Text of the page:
Brain works differently for experimenting teenagers
Teenagers who experiment or explore new things may have brain processes that work differently than those of pre-teens who do not, according to a new study.
Washington: Teenagers who experiment or explore new things may have brain processes that work differently than those of pre-teens who do not, according to a new study.
The study, to be presented at the American Academy of Neurology's 67th Annual Meeting in Washington April 18 to 25, involved 62 girls aged 11 and 13 who completed a task of measuring exploratory and experimenting behaviour.
"The beginning of adolescence is associated with seeking new experiences and increasing exploratory behaviours, but little research has been done to measure that increase or to look at what happens in the brain during this period," said Andrew Kayser from the University of California San Francisco and study author.
The reward-based task involved a clock face. The second hand of the clock made a complete rotation over five seconds.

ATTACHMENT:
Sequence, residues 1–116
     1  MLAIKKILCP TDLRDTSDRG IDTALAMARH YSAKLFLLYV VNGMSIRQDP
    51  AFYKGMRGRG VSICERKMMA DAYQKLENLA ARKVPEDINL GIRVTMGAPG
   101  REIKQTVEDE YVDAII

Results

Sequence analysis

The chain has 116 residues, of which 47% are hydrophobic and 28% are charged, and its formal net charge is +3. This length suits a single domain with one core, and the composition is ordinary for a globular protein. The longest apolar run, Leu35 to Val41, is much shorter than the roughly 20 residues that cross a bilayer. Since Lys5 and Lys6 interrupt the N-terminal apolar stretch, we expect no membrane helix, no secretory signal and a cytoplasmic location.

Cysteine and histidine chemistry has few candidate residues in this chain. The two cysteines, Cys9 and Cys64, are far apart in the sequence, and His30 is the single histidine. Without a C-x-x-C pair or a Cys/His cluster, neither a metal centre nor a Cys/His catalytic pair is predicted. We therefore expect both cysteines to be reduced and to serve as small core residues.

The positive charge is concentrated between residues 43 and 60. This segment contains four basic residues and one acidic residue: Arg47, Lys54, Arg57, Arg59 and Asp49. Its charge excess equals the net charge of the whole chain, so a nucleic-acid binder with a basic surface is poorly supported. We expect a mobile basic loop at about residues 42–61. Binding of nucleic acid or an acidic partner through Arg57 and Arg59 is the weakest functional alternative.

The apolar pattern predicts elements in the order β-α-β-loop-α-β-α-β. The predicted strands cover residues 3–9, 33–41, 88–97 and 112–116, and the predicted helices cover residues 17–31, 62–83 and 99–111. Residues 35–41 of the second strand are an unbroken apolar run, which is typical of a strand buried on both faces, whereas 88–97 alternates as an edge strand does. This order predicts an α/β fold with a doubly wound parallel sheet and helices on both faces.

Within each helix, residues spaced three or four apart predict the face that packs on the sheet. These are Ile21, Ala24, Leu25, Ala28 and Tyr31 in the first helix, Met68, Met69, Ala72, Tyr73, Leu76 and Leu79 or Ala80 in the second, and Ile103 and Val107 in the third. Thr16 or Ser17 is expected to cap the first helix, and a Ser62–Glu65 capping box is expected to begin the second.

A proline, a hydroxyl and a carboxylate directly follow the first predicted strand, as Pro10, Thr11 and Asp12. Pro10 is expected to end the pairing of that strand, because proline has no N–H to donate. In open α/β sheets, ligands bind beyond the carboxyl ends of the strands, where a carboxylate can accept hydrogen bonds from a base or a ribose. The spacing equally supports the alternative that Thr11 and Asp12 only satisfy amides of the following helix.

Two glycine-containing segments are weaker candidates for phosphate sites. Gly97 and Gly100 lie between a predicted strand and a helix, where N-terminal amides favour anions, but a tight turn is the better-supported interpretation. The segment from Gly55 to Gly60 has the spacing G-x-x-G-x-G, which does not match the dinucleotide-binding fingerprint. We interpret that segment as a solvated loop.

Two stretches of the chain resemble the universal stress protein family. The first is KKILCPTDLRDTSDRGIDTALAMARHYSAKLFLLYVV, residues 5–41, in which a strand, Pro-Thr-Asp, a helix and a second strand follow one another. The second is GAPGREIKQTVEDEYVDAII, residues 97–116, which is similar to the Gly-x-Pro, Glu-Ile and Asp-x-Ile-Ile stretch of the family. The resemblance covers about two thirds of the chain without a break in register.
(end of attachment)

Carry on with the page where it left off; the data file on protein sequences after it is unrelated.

The girls were to explore the clock by stopping it at different times in order to learn what action would be rewarded most.
Based on their behaviour on the task, the group was split into 41 "explorers" and 21 "non-explorers".
A link was found that was stronger in explorers than in non-explorers between the rostrolateral prefrontal cortex and the posterior insula and putamen, parts of the brain sensitive to the "state of the body" and "carrying out actions", respectively.
"This research is fascinating because it could help us to understand how exploration can lead to both good and bad behaviours that promote or reduce well-being in teenagers," Kayser pointed out.
"If we can better understand these brain connections, down the road we may be able to come up with a way to better identify teens most likely to engage in dangerous or risky behaviours," Kayser concluded.